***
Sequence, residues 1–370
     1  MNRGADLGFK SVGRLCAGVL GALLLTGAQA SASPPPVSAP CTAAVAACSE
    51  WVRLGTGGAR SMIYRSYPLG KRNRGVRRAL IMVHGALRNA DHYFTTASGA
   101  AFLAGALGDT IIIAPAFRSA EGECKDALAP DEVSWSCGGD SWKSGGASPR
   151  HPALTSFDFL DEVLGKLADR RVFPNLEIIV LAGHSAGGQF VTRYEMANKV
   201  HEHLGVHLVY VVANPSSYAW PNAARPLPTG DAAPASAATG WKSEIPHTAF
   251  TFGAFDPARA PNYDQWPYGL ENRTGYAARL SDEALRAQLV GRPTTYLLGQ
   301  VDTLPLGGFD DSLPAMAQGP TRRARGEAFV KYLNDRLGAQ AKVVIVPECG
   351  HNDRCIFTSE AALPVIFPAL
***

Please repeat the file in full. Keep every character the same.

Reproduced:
Sequence, residues 1–370
     1  MNRGADLGFK SVGRLCAGVL GALLLTGAQA SASPPPVSAP CTAAVAACSE
    51  WVRLGTGGAR SMIYRSYPLG KRNRGVRRAL IMVHGALRNA DHYFTTASGA
   101  AFLAGALGDT IIIAPAFRSA EGECKDALAP DEVSWSCGGD SWKSGGASPR
   151  HPALTSFDFL DEVLGKLADR RVFPNLEIIV LAGHSAGGQF VTRYEMANKV
   201  HEHLGVHLVY VVANPSSYAW PNAARPLPTG DAAPASAATG WKSEIPHTAF
   251  TFGAFDPARA PNYDQWPYGL ENRTGYAARL SDEALRAQLV GRPTTYLLGQ
   301  VDTLPLGGFD DSLPAMAQGP TRRARGEAFV KYLNDRLGAQ AKVVIVPECG
   351  HNDRCIFTSE AALPVIFPAL